The Great Mormon Cricket Fly-Fishing Festival and Other Western Stories

By Tom Bishop



Tom Bishop's collection of stories is divided into slices of time and takes place in the northern Rocky Mountains. The earliest story is set during a brutal winter in which the men of a Lakota clan follow a vision of an elk herd to find meat to save their starving family.

The next group of tales take place one hundred years later, in the early twentieth century. A country storekeeper uses defanged rattlesnakes to guard his business; dealings with a bootlegger cost a man his friends, his home, and his job; and deer hunters at the height of the Great Depression go out in search of "Hoover Steaks."

At the end of World War II, an illegal quail hunt costs the host rancher over a thousand dollars when a hunter is killed and his widow demands restitution. In "The Fragile Commandment" an abusive farmer is killed by his stepdaughter with a pitchfork, and "Someone's Dog" is the story of a trout fisherman who finds a dog by his favorite stream. The title story, "The Great Mormon Cricket Fly-Fishing Festival" involves trout fisherman who want to bring in enough money through their festival to pay for a weekend fishing party.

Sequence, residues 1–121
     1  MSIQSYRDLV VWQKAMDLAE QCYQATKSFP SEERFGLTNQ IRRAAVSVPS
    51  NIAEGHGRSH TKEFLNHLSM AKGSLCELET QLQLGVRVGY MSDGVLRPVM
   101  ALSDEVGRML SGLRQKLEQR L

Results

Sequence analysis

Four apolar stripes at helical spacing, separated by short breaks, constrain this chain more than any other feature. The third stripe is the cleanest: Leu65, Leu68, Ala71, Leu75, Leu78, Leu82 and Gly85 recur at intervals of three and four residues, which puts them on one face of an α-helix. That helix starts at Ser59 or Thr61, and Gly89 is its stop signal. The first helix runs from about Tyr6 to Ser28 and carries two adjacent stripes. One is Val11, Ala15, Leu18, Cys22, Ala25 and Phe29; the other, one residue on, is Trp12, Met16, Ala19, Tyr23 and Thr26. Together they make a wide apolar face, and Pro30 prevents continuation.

Regardless of the time period, the people, situations, dilemmas, and problems found in these stories replicate those of the twenty-first century.

Contributor Bios
Tom Bishop is the author of Real West: Wyoming at Century. He resides in Wyoming.